In Halliburton, the Supreme Court observed that two points were undisputed (1) that a plaintiff “must prove certain things in order to invoke” Basic’s presumption of reliance and (2) that a defendant is entitled to come forward with evidence to attempt to rebut that presumption.7 But the Court concluded that there was no justification in Basic or its logic to read into that opinion the additional requirement of having to prove loss causation in every case where Basic is invoked. The Court noted that the loss causation requirement is not even mentioned in Basic and the Supreme Court has consistently referred to loss causation and reliance (i.e., “transaction causation”) as being separate elements of a Section 10(b) claim.8
The Court also noted that the defendants had essentially conceded on appeal that Basic on its face did not require proof of loss causation, even though they argued that the Fifth Circuit’s conclusion that the class could not be certified could be supported on other grounds.9 The Supreme Court, however, refused to consider these alternatives because it felt constrained to “take the Court of Appeals at its word.”10 The Fifth Circuit had repeatedly stated it was requiring proof of loss causation from the plaintiff and, “[b]ased on those words, the decision below cannot stand.”11 Accordingly, the Supreme Court declined to “address any other question about Basic, its presumption, or how and when it may be rebutted.”12 Any relevant arguments on these points against class certification that had been preserved by defendants could be raised on remand.13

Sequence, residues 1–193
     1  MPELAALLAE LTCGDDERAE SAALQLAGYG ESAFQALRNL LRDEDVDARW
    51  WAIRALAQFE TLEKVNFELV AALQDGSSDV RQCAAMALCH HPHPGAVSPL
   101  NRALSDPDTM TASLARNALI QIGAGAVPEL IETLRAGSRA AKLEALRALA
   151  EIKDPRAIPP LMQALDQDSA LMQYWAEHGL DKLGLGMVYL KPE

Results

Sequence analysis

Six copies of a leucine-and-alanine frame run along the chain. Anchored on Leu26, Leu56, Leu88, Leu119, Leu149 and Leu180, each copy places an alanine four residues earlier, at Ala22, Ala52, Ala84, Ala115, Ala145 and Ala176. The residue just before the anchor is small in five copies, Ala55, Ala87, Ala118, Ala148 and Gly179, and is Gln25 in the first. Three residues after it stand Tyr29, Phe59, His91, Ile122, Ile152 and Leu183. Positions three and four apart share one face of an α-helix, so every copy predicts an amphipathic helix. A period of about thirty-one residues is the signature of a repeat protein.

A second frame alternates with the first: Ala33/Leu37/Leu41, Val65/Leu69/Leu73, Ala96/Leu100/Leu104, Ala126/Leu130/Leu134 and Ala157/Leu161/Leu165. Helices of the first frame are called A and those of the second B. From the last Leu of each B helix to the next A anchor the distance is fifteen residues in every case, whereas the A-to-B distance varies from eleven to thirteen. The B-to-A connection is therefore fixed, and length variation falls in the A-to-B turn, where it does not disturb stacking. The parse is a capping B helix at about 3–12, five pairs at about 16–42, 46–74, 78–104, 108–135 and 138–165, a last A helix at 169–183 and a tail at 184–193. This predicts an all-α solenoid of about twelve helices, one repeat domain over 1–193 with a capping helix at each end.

Analysis of the Opinion. Given the narrow nature of the opinion, the Halliburton decision is not expected to impact significantly how class certification issues are litigated in Section 10(b) cases. The Supreme Court expressly reiterated the long-standing rule that defendants are entitled to come forward with evidence to attempt to rebut the presumption of reliance described in Basic. The Court, thus, refused to accept the plaintiff’s invitation to adopt a more restrictive view that could have precluded a defendant from relying on any evidence at class certification that arguably spoke to the merits of the plaintiff’s underlying claim.
It is interesting to note that all of the facts on which the defendants based their loss causation arguments in Halliburton would have also been relevant to the question of whether the plaintiff could invoke Basic’s presumption of reliance and/or whether that presumption could be rebutted. Even though the Supreme Court refused to consider these arguments, the Court made clear that, if adequately preserved, all of those arguments would still be available to defendants on remand. The Supreme Court’s opinion, thus, leaves open the possibility that the same evidence that had previously proven to be successful in Halliburton may still be considered if deemed relevant to a plaintiff’s attempt to rely on Basic.
Moreover, the Halliburton opinion does not suggest that loss causation issues can never be raised by defendants at class certification. Indeed, the opinion supports the view that such issues can be raised if they are relevant to other well-established requirements for class treatment, such as the need for common issues to predominate. The Supreme Court specifically recognized that the starting point for assessing whether common issues predominate is an examination of the mandatory elements of the underlying claim, which, for Section 10(b) claims, includes the requirement of proving loss causation.14 Halliburton stands only for the narrow point that, at class certification, a court cannot require a plaintiff to prove loss causation to invoke Basic.